When is an Arrest not an Arrest?
It turns out that an arrest might not be an arrest unless an officer’s intention to arrest is actually communicated. In an April 2020 decision (Florida v. Cheeks, 2020) by the Florida Fourth District Court of Appeal, criminal charges against Leronce Cheeks were brought back after being dismissed earlier by the trial court.
Mr. Cheeks was charged with sexual battery of a victim who was attacked in the early morning of September 30, 2017. Shortly afterward, the victim’s husband found Cheeks and held him down until police arrived. The trial court noted that the police officers searched him, placed him in handcuffs, questioned him in the police car, read him his Miranda warnings, and interviewed him at the police station, all over the course of seven hours.
On November 28, 2019—more than a year later—the State charged Cheeks with sexual battery in connection with the investigation and formally arrested him. The trial court dismissed the case for the State’s failure to charge Cheeks within the 175 day speedy trial period required by Florida Rule of Criminal Procedure 3.191, finding his detention on September 30, 2017 constituted an arrest for the purposes of the speedy trial period.
Specifically, the trial court identified the four factors under Florida law that determine whether a person has been actually arrested for speedy trial purposes before being formally arrested:
1) whether the purpose or intent of the authority is to effect an arrest;
2) seizure of the person;
3) a communication by the arresting officer of an intention to effect an arrest; and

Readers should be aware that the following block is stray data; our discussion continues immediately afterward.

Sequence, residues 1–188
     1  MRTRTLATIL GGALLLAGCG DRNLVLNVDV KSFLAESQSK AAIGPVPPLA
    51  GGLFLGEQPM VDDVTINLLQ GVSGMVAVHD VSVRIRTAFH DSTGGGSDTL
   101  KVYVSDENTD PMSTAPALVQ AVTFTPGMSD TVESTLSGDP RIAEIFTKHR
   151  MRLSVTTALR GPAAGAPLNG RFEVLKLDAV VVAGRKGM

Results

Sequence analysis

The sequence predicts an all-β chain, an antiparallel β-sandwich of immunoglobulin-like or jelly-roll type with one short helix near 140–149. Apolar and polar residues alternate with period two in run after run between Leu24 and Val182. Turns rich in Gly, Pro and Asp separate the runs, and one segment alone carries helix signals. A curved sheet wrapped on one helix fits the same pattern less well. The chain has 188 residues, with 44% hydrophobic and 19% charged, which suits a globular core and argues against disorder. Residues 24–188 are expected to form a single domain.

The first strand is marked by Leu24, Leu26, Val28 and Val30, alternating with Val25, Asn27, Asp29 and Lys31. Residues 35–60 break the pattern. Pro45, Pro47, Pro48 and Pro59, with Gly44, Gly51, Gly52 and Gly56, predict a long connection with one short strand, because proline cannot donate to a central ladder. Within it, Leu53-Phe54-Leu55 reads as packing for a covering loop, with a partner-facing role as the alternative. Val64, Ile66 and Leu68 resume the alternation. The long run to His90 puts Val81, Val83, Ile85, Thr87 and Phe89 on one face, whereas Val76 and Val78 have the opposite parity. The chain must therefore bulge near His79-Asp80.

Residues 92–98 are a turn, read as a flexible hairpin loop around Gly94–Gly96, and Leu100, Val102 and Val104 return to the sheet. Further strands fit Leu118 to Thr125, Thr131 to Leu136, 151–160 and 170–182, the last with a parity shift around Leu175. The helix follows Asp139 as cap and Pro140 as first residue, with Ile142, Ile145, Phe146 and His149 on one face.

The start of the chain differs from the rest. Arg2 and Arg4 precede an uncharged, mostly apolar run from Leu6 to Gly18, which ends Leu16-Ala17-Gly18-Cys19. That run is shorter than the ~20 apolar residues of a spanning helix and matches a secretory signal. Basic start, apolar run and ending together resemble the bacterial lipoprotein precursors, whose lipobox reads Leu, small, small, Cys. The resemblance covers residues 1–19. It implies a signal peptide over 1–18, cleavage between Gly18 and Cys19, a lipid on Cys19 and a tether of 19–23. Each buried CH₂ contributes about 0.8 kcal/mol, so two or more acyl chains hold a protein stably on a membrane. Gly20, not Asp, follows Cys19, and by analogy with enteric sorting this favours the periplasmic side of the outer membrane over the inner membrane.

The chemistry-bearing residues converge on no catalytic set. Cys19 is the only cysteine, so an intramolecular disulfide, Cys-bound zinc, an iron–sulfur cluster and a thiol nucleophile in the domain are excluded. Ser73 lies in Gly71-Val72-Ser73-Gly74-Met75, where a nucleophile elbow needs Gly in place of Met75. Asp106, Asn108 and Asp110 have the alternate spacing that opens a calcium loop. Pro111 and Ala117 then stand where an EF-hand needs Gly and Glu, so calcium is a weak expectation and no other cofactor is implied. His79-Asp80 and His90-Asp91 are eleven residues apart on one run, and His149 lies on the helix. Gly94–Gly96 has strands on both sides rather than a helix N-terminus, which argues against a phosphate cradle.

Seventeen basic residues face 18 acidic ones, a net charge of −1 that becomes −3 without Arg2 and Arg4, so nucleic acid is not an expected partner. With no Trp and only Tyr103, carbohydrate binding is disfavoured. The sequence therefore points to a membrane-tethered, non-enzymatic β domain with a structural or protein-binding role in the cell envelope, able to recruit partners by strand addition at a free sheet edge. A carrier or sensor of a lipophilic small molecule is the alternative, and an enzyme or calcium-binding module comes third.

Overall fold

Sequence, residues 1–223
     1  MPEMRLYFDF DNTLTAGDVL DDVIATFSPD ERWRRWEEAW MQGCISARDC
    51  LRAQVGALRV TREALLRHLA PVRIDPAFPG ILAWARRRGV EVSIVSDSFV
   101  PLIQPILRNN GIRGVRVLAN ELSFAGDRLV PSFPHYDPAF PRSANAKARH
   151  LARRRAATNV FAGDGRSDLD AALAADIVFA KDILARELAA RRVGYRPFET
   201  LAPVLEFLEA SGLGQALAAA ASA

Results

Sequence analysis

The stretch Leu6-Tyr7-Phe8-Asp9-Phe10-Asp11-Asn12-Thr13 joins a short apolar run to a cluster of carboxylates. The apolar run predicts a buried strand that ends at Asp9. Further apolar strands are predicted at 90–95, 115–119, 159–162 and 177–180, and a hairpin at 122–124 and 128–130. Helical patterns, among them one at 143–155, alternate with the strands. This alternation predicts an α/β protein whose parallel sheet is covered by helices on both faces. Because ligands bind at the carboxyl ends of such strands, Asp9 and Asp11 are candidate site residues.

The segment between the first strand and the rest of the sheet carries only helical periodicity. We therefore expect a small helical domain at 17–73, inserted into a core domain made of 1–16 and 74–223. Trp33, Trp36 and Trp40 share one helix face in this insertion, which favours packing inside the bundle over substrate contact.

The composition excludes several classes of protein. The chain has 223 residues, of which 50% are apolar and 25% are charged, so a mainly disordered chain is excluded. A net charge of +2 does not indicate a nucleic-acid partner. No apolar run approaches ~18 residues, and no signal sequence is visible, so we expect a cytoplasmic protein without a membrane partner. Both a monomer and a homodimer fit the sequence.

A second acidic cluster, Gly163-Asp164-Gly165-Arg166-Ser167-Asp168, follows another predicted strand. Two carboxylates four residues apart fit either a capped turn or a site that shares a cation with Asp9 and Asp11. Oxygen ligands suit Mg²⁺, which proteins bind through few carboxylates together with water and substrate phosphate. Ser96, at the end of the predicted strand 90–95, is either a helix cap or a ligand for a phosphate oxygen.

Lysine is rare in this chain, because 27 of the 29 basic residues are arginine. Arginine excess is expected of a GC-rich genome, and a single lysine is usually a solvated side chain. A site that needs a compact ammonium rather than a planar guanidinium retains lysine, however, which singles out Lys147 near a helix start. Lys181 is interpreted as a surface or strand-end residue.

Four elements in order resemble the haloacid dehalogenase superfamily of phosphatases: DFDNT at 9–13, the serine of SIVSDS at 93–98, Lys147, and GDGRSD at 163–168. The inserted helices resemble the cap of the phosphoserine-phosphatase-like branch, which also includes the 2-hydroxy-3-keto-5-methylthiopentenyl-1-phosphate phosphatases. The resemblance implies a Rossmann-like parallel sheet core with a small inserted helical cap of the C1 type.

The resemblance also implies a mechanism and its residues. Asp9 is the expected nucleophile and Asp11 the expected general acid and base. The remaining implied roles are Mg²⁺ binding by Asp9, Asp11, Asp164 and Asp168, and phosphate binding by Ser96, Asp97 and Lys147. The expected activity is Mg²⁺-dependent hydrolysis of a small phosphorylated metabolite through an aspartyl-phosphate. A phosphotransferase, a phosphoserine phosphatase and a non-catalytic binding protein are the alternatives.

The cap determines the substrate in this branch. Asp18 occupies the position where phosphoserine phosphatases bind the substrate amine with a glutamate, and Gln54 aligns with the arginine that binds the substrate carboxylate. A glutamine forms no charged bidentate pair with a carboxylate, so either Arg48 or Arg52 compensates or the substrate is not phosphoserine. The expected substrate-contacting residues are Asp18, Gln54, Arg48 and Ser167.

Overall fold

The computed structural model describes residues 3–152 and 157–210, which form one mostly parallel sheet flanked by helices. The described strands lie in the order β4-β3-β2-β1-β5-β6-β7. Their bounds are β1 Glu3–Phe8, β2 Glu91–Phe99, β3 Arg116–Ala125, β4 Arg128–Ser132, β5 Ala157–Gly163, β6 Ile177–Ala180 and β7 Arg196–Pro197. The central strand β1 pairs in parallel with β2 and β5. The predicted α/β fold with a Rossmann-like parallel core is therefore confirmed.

4) whether the person believes the arresting officer is there to arrest and detain him.
In analyzing each of these factors, the trial court approached the factors from the perspective of “what a reasonable person would perceive” and concluded that the September 20, 2017 detention was in fact an arrest.
The appeals court, while affirming that the proper factors were relied on, ruled that Florida law requires that some of the factors must be determined not from a “reasonable person” view but from the subjective intent of the police and the detainee.
In this case, the detectives testified that standard procedure requires searching and handcuffing a suspect for officer safety. The detectives testified that they did not intend to arrest Cheeks at that time because more investigation was needed. Also, questioning a suspect who is given Miranda warnings does not automatically turn that detention into an arrest for speedy trial purposes.
The appeals court also disagreed with the trial court’s view that actual communication of an intent to arrest is unnecessary when police actions give evidence of the intention to arrest. Instead, the appeals court stated that actual communication of the intent is needed to clearly gauge whether an arrest has been made. In this case, the detectives never told Cheeks that he was arrested, and they stated that he would be released in a few hours.
Applying a different analysis to the same law, the appeals court reinstated the criminal charges against Cheeks.
Contact an Attorney Today for Help
Do you know somebody who has been questioned by police or arrested? Do they have expert guidance on what rights they have? If you are facing possible criminal charges, reach out to a criminal defense attorney in Florida for help. An experienced Fort Lauderdale criminal lawyer can help you evaluate your individual situation and fight for your rights. Call the office of Joyce A. Julian, P.A. today at 954-467-6656 or visit us online to schedule a free consultation.